November, 2016 “Giving you my 2 cents worth” Winter is Coming! Is your car ready? Like it or not, ‘Old Man Winter’ will be messing up our roads sooner than we think!  Are you ready?  Is your vehicle ready? Below is a list of things to consider and check on your vehicle before the worst of winter arrives.  As always, let me know how I can help you! Before you do anything else, read your owner’s manual and follow the manufacturers recommended service schedules. Get engine performance and drivability problems — hard starts, rough idling, stalling, diminished power, etc. — corrected as soon as possible.  Cold weather makes existing problems worse. Replace dirty filters, such as air, fuel, and PCV. A poorly running engine is less efficient and burns more gasoline. Change your oil and oil filter as specified  in your manual — more often if your driving is mostly stop-and-go or consists of frequent short trips.  A poll of ASE Master Auto Technicians revealed that regular oil and filter changes is one of the most frequently neglected services, yet one that is essential to protect your engine. The cooling system should be flushed and refilled as recommended. The level, condition, and concentration of the coolant should be checked periodically. A 50/50 mix of antifreeze and water is usually recommended.  The tightness and condition of drive belts, clamps, and hoses also should be checked regularly by a professional technician. Replace old wiper blades regularly.   Stock up on windshield washer solvent — you’ll be surprised how much you use during the winter months.  And don’t forget to always carry an ice scraper. Have your battery checked. The only accurate way to detect a weak battery is with professional equipment. Be sure to avoid contact with corrosive deposits and battery acid. Worn tires are dangerous in all weather but especially in winter!  Have your tires examined for remaining tread life, uneven wearing, and cupping; check the sidewalls for cuts and nicks. Check tire pressure once a month, letting the tires “cool down” before checking the pressure.  Rotate as recommended. Don’t forget to check your spare, and be sure the jack is in good working condition.  Under-inflated tires or poorly aligned wheels will wear your tires much faster and makes your engine work harder thus using more gasoline. Have your brakes checked periodically for safety and to prevent costly repairs that can be caused by neglect. The transmission is often neglected until a major failure. Routine checks and fluid changes at prescribed intervals can prevent very costly repairs down the line. Always carry an emergency kit with you:  extra gloves, boots and blankets; flares; a small shovel and sand or kitty litter; tire chains; a flashlight and extra batteries; and a cell phone and extra car charger.  Put a few “high-energy” snacks in your glove box.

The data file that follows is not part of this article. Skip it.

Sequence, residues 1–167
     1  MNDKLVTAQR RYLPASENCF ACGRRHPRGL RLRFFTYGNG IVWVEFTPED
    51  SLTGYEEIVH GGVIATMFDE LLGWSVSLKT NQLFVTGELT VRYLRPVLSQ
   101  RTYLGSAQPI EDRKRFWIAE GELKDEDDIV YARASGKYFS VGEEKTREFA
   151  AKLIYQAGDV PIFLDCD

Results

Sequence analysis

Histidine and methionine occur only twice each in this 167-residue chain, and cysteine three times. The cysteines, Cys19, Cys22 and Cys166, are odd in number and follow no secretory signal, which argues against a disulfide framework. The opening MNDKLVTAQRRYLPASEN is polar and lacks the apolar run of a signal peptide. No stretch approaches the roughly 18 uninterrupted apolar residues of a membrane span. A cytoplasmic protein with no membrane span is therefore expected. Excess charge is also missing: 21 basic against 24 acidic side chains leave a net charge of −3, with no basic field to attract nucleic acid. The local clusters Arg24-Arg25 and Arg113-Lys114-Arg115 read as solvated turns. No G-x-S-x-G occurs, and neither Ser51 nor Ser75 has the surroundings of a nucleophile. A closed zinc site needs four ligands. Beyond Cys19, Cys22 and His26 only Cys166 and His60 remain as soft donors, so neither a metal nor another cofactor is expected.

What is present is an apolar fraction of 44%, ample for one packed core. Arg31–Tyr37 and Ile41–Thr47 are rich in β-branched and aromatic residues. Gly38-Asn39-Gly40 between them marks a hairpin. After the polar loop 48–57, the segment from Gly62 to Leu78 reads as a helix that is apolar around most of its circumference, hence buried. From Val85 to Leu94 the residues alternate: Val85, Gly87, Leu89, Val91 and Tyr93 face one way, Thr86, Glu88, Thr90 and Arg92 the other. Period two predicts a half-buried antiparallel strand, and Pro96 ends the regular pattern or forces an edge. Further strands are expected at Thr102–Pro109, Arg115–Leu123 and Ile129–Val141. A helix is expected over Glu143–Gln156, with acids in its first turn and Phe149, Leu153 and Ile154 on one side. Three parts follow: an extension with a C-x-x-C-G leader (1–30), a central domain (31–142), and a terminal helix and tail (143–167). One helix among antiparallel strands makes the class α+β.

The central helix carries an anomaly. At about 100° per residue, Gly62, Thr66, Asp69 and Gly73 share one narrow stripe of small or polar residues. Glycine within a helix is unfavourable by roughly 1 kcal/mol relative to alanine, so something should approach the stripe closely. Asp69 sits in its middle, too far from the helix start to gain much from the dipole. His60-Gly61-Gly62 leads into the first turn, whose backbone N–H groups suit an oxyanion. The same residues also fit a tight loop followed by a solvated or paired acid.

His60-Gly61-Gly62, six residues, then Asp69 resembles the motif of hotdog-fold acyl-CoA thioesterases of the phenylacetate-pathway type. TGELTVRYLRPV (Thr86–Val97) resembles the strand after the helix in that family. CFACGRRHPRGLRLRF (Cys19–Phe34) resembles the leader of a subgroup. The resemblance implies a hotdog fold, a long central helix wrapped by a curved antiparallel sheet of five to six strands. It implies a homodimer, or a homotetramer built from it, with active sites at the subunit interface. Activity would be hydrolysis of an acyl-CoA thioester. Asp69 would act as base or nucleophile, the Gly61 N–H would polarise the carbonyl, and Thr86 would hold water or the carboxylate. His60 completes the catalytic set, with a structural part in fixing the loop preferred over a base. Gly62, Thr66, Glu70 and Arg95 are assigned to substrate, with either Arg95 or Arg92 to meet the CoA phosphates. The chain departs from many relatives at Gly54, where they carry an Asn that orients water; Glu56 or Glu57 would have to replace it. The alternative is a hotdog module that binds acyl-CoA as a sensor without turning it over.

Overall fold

∑ ∑ ∑ ∑ ∑ ∑ ∑ ∑ ∑ ∑
Show this page to your Service Advisor upon arrival at the dealership
Ask your service advisor for details!